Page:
The battle over the Garden Bridge continues. The issue of public toilets has flushed out a questionable land deal with Coin Street Community Builders. This latest dispute has seen Lambeth Council officers backing Joanna Lumley’s scheme, in open rebellion to their councillors and the public.
Forget the dodgy procurement process, the huge amounts of public money being thrown at the scheme, the strange and questionable links between the Mayor and the promoters of the bridge, and the massive environmental damage this huge concrete structure will cause. Now things are getting really dirty.
Although Lambeth Council approved planning permission for the Garden Bridge last year, the approval was subject to 46 conditions, most of which need to be met before work can get started. These conditions have been working their way though Lambeth’s planning department since last summer. Now, things are coming to a head over the sticky issue of public toilets.
When the Garden Bridge Trust first submitted their plans, they originally proposed no toilets at all. This is for what they say will be the biggest tourist attraction in London and second biggest in Europe. Councillors objected and made providing toilets a condition of planning permission, but Councillors are still unhappy with the Trust’s proposals.
Toilets are a serious matter. The Garden Bridge Trust estimate that 7m people will visit the tourist attraction every year, and many of these people will need to pee. If the Garden Bridge won’t provide enough toilets to meet the calls of its customers, then people will pee somewhere else if they are to avoid an embarrassing journey home.
There are already 26 million visitors to the South Bank every year and the area is quickly becoming an open air public toilet. People piss in front gardens and in stair wells. The Jubilee Gardens Trust, which looks after the small park just down the river from the site of the proposed Garden Bridge, installed 14 public loos but even that isn’t enough to hold back the tide. They still report that they have problems with people relieving themselves in the bushes close to a children’s playground. Lovely.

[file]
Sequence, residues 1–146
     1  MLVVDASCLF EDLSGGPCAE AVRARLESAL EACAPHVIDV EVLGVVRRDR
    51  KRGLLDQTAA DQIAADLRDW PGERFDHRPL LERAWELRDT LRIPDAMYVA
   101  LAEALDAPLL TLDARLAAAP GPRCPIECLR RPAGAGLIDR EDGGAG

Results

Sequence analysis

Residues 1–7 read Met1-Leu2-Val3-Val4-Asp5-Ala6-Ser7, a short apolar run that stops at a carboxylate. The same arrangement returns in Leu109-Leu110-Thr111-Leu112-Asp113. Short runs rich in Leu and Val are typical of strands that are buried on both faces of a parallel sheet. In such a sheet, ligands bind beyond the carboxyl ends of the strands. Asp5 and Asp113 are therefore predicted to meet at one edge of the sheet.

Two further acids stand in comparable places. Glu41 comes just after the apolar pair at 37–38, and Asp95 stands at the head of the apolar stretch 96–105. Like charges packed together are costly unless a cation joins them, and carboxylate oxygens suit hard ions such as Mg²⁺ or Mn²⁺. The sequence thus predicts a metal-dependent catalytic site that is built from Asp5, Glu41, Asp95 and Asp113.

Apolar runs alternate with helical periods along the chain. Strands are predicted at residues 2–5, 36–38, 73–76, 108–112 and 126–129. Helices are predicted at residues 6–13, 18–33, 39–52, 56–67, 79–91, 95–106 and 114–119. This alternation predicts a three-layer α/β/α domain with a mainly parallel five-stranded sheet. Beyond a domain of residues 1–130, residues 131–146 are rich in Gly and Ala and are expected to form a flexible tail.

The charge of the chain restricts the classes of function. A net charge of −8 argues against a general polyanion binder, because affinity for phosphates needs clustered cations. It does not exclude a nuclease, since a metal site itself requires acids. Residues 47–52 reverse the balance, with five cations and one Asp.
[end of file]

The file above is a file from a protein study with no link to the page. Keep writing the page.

In fact the situation has got so bad, that the British Toilet Association has raised the alert. It highlighted the South Bank as one of the worst places in the country for public toilet provision to a Parliamentary Committee in 2008 (that was when the area had a mere 14 million visitors a year).
Taking the piss
After councillors on Lambeth’s Planning Committee objected to the lack of any toilets, the Garden Bridge Trust proposed 8 unisex loos. This is for the 7,500 people that will be on or queueing to get on the bridge at peak times, not to mention the 8,000 walking past.
Toilet provision is the subject of much study in the world of planning and there is even a British Standard for toilets which sets out the needs for different types of buildings (pubs, theatres, football stadiums, museums etc). In the case of the Garden Bridge an ‘exhibition centre’ or ‘assembly building’ with that amount of flow would require around 30 cubicles.
Last month Councillors deferred finally signing off on the planning conditions to give the Garden Bridge Trust the opportunity to think again about their piss poor offer.
Now these are exactly the kinds of issues that planning departments are supposed to sort out. Planners are there to think through how buildings are used and to plan the facilities needed.